Rapsoid, Irish rhapsody for pianoforte (first print)
Jozef Cuypers – Rapsoid, Irish rhapsody for pianoforte
(Aarschot, 14 December 1899 – Newbridge, 30 January 1978)
After receiving his first music lessons from composer and organist Herman Meulemans, Jozef Cuypers studied organ and composition at the Higher Institute for Church Music (the Lemmens Institute) in Mechelen with composers Oscar Depuydt, also an excellent organist, Lodewijk Mortelmans and Jules Van Nuffel. After obtaining his final degree in 1922, like many Flemish organists he left for Ireland in 1923, which at the time had a shortage of church organists and music teachers. Ireland was struggling to recover from the ‘Cogadh Cathartha na hÉireann’, the civil war that tore the country apart and that lasted from 28 June 1922 until 24 May 1923.
Cuypers became master of the choristers and organist of the Dominican convent in Newbridge and also a music teacher at the monastery’s college. As chapel master he wrote liturgical music, such as motets and the often performed Mass in D for four-voice choir and organ, which he dedicated to Jules Van Nuffel in 1949. With songs to texts by Guido Gezelle and Alice Nahon, among others, he also maintained ties with Flanders. However, he also became fascinated by Irish folk music. He composed successful piano arrangements of Irish songs that the government published in three volumes in the years 1937-1939.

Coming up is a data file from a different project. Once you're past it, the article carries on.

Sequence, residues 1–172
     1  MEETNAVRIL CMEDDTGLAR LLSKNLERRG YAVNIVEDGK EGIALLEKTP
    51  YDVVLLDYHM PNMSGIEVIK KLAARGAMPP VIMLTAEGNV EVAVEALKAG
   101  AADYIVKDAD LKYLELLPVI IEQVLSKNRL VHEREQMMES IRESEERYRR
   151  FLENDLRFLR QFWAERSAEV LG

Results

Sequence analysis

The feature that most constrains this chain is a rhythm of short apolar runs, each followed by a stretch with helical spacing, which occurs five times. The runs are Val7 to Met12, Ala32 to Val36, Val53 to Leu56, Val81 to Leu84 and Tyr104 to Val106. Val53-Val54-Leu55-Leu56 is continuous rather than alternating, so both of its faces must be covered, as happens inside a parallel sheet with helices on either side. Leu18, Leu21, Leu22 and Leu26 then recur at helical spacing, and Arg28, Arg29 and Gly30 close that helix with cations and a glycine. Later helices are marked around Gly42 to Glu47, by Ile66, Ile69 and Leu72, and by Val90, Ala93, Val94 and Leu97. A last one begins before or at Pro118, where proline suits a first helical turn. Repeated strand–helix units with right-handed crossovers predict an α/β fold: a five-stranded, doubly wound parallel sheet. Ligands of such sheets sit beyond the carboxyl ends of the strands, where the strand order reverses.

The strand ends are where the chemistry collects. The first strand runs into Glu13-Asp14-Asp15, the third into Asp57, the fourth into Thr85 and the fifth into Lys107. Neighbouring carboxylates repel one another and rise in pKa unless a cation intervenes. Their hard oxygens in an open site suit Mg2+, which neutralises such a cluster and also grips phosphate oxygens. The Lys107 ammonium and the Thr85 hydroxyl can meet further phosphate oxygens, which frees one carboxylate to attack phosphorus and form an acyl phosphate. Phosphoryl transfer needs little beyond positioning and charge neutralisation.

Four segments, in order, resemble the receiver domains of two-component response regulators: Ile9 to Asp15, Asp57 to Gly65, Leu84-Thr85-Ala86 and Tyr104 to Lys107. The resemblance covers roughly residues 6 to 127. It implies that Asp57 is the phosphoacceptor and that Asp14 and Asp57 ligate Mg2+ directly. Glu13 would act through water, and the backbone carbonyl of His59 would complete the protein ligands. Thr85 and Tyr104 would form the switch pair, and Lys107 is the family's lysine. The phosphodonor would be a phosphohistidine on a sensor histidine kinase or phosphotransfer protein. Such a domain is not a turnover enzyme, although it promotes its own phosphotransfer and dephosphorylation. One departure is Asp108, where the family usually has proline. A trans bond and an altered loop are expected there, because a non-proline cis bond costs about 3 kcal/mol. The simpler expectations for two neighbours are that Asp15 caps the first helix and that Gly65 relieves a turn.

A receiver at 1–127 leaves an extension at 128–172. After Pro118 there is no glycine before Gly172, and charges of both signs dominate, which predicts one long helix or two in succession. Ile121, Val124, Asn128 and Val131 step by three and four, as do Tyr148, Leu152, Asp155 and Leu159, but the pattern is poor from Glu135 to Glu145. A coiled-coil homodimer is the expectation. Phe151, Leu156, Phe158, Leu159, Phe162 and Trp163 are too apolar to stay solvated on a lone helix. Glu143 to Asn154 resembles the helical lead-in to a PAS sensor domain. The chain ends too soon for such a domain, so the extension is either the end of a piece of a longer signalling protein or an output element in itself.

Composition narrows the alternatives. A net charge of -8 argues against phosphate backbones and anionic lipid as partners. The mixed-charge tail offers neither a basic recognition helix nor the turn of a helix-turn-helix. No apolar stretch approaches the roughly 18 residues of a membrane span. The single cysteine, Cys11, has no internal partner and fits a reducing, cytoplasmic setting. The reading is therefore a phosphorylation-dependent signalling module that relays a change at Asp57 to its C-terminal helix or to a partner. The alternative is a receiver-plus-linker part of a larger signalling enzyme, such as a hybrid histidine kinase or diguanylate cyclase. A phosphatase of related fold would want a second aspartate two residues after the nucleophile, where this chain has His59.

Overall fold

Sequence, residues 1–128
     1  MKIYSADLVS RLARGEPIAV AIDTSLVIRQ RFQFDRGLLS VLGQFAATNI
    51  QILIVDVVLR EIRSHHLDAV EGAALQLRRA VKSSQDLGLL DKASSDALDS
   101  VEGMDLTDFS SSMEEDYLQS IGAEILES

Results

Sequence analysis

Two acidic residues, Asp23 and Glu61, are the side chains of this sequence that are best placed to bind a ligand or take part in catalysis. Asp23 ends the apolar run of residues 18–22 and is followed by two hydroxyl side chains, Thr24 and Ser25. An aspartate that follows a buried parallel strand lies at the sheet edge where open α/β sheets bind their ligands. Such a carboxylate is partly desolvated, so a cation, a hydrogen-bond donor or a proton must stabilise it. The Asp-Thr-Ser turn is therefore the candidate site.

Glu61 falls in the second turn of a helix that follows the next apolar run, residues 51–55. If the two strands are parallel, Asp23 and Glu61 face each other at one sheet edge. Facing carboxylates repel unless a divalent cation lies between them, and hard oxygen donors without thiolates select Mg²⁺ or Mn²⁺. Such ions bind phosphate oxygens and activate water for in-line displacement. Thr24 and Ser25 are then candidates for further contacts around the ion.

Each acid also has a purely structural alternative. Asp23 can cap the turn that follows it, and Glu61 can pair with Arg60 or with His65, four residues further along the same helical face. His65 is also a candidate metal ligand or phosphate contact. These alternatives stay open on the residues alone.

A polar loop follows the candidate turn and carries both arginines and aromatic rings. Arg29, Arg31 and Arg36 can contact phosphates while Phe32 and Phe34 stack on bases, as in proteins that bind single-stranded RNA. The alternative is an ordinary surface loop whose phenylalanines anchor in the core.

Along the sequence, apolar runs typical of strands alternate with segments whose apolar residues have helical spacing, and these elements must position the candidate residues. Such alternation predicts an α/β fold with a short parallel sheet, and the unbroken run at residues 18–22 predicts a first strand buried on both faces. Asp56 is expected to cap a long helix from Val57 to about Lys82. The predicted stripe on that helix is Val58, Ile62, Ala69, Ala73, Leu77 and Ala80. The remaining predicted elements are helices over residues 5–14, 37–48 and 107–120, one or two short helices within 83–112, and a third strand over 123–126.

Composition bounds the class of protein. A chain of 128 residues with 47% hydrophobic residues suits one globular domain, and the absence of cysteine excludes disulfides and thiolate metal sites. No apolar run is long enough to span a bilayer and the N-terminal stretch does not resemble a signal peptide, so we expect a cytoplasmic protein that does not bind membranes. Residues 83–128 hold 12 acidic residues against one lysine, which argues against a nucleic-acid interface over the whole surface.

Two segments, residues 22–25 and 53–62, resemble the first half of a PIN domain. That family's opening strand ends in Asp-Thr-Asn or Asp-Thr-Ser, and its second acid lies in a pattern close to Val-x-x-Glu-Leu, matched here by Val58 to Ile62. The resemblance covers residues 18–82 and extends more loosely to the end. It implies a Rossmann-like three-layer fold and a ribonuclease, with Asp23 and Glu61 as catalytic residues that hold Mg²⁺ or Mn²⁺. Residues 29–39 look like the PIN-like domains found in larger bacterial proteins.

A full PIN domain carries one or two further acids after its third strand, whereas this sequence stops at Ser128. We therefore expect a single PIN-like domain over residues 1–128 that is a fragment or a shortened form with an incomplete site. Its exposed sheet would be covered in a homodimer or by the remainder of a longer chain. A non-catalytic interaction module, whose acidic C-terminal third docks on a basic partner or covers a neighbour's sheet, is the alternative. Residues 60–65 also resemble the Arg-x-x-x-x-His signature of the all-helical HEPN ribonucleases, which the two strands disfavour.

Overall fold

In other compositions he incorporated Irish folk music as well, or was inspired by Irish themes, such as the piano piece Dublin-Bay in summerlight, published in 1934 by Éditions Modernes (Maison Georges Vriamont) in Brussels, with a cover illustration by René Magritte.
In his three-part Rapsoid, published by Éditions Modernes in 1937, he also incorporated folk songs, such as the popular The sailor’s hornpipe (also known as The college hornpipe and Jack’s the lad). This traditional melody also appears in Henry Wood’s Fantasia on British folk songs (1905).
Rapsoid became one of Cuypers’ most popular works and was recorded by Renata Cosse for the NIR on 16 September 1952.
Duration: ca. 12’40”
(translation: Jasmien Dewilde)
This edition is a facsimile of a score from the library of the Antwerp Royal Conservatoire (KVC 232.603) and was published in collaboration with the Study Centre for Flemish Music (www.svm.be).
Full German and Flemish preface > HERE